In this work, synthetic, “blank slate” materials were used to present bioactive factors and modulate degradability and hydrogel properties in a precisely controlled manner to investigate the specific role of biomaterial degradation on changes in cell morphology and response to applied cyclic tensile strain. In particular, the responses of cells to tensile strain when encapsulated in gels of different MMP sensitivities have not been previously examined. Together, the results of this study suggest that, within the range of scaffold degradability that could be engineered into this system and still allow for long-term loading, hydrogel susceptibility to MMP degradation, with corresponding changes in morphology of embedded cells, did not affect MSC response to cyclic tensile strain over 14 days. While this result was unexpected, it should be noted that, in these experiments, significant cell spreading was seen only at 14 days, so a longer culture period may be needed to allow changes in spreading to affect gene expression levels accordingly. It is also possible that the inclusion of RGD peptides, which interact with integrins on MSCs in both gel types, might facilitate cytoskeletal interactions with the synthetic scaffold and enable sensing of mechanical strain.42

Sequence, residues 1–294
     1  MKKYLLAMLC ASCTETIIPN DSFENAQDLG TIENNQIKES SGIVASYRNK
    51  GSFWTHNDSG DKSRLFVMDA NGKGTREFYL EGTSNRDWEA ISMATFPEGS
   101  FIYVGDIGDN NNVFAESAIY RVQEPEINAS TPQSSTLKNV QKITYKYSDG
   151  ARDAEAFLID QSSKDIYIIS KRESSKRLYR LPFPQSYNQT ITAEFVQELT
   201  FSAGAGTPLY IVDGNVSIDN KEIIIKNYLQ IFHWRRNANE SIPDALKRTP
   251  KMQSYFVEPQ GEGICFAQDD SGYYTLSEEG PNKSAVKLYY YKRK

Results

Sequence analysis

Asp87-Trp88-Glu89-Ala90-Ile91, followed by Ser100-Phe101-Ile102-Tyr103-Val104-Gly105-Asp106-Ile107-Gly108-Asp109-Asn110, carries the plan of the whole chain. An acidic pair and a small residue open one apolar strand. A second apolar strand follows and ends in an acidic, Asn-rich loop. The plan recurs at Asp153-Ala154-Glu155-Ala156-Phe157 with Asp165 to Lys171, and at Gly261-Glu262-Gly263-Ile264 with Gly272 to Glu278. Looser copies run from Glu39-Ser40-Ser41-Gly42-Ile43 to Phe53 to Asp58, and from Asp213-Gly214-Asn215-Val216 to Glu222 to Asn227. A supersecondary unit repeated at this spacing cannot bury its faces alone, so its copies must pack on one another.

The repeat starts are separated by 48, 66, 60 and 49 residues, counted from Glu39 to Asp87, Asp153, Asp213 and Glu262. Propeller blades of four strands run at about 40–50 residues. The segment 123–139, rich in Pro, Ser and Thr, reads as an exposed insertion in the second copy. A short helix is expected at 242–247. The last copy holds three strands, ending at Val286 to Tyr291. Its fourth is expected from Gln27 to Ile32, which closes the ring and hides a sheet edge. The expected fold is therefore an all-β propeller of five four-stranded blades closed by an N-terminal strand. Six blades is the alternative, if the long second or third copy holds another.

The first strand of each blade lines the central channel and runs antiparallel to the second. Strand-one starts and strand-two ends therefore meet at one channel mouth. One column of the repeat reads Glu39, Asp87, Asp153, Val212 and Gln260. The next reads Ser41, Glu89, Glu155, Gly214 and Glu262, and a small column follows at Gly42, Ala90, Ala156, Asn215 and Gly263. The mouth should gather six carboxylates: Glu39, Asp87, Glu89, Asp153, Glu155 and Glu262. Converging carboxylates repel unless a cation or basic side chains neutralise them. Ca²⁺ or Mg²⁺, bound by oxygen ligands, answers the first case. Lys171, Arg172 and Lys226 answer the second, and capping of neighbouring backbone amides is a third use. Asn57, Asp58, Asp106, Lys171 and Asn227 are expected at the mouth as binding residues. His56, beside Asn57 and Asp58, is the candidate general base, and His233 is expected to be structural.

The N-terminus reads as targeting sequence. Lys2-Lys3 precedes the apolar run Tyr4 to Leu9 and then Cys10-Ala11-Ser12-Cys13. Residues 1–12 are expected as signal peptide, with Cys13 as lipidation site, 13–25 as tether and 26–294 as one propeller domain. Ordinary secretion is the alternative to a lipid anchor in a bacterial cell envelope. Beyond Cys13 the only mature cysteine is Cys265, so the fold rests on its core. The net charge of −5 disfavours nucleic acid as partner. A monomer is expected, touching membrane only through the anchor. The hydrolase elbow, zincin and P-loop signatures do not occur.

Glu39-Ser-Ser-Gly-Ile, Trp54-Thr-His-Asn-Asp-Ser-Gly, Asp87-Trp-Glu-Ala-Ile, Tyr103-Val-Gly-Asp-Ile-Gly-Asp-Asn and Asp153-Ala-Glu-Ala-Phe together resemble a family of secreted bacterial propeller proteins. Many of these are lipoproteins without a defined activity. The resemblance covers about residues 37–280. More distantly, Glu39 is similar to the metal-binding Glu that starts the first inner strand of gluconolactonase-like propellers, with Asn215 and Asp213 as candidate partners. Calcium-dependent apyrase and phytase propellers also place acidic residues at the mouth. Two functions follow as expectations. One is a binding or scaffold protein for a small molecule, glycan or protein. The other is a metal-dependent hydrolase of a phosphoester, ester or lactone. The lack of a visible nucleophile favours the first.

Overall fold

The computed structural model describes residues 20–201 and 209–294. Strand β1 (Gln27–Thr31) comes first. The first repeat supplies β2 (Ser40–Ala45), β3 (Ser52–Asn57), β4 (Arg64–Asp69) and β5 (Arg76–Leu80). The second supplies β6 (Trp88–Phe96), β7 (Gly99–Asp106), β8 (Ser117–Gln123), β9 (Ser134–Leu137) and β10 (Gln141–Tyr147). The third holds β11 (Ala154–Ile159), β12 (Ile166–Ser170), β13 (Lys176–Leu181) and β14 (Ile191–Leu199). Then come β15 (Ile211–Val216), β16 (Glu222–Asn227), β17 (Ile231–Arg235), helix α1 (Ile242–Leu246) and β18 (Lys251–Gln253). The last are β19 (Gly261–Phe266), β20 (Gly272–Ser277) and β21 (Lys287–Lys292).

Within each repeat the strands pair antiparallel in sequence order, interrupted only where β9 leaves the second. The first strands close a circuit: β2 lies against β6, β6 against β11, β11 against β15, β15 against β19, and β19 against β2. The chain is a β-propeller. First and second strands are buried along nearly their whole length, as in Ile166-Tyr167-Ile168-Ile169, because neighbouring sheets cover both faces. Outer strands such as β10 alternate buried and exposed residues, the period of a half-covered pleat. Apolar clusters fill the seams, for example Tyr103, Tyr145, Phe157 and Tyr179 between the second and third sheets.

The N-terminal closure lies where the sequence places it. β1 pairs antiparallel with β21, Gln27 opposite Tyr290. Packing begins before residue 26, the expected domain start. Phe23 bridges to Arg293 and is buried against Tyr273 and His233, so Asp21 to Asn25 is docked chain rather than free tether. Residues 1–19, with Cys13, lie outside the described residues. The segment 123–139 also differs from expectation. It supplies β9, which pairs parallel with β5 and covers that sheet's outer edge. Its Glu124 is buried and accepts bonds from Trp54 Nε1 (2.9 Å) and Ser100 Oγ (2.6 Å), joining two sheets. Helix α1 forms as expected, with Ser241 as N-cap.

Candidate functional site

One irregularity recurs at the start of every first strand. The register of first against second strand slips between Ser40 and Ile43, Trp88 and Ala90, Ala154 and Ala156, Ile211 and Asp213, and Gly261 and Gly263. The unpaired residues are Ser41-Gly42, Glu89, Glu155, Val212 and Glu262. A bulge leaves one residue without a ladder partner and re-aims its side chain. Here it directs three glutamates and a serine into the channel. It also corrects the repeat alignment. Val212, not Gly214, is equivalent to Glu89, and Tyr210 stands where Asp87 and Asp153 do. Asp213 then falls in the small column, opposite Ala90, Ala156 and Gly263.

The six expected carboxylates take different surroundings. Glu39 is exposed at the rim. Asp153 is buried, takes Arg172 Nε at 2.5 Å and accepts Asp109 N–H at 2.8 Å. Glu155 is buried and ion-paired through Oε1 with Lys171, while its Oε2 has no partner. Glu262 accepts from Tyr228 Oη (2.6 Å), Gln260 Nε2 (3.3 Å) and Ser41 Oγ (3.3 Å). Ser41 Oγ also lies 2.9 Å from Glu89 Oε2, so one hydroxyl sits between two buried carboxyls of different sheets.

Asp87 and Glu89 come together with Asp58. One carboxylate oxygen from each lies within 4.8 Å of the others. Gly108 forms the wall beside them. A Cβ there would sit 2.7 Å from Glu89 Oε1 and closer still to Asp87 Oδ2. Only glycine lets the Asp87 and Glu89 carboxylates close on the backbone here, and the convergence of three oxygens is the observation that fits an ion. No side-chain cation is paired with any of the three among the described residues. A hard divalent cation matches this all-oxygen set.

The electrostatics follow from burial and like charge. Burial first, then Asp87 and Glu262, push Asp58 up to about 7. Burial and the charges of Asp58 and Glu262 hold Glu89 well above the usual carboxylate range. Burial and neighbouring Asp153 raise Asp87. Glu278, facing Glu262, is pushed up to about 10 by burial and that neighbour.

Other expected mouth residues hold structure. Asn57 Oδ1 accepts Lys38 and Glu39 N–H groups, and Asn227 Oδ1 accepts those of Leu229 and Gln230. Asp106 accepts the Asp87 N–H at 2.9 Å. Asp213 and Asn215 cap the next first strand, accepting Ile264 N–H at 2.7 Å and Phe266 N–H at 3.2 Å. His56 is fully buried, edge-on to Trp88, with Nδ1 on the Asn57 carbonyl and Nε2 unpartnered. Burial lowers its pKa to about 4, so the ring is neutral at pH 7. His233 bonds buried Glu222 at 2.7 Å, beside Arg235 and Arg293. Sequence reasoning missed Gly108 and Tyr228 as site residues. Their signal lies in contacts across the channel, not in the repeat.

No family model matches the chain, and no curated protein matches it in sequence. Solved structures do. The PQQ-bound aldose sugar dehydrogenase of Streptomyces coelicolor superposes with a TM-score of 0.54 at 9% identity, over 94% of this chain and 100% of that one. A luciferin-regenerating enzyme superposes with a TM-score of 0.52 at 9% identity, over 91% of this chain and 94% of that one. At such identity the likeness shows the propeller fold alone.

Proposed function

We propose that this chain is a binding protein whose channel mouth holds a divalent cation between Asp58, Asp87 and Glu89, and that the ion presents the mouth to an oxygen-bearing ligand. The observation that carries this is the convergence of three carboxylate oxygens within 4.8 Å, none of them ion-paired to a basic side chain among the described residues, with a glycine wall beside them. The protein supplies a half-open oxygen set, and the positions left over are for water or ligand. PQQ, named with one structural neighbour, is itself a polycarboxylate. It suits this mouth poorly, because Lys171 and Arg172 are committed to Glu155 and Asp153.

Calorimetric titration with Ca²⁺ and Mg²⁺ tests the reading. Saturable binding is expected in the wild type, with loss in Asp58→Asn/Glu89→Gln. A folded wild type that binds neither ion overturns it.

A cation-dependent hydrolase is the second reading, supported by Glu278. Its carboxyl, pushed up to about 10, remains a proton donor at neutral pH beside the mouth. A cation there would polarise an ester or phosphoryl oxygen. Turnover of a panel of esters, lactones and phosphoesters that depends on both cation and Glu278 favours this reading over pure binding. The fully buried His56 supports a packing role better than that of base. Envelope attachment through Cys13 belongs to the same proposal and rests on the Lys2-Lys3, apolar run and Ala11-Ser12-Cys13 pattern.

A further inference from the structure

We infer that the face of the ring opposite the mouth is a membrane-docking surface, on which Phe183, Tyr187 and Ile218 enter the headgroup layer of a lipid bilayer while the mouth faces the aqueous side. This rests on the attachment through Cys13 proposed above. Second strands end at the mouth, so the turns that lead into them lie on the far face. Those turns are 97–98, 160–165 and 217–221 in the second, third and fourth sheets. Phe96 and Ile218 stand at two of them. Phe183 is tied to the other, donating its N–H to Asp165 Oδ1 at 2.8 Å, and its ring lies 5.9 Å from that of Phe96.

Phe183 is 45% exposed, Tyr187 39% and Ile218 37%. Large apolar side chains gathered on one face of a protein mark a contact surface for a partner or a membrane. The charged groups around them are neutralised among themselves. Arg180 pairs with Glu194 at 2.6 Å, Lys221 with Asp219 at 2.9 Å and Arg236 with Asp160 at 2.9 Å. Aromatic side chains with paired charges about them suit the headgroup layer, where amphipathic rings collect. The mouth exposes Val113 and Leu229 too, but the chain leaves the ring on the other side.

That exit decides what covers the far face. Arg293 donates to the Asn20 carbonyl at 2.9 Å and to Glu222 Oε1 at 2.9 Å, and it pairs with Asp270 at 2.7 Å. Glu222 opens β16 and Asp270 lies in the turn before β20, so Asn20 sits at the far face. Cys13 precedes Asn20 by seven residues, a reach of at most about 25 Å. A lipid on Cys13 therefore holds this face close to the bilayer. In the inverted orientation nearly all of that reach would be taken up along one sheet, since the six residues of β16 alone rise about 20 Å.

In addition, the specific integrin ligands bound may also play a role in the differentiation response,32
so future work may explore the role of engaging specific integrins in combination with changes in morphology on response to strain in this system. Finally, other aspects of the local mechanical environment, including changes in fluid flow, may change due to strain, the extent of local degradation, and possible pericellular matrix deposited by cells over time, subsequently affecting cytoskeletal organization and enabling MSCs in slow-degrading gels to respond to tensile strain even if their ability to spread is limited.43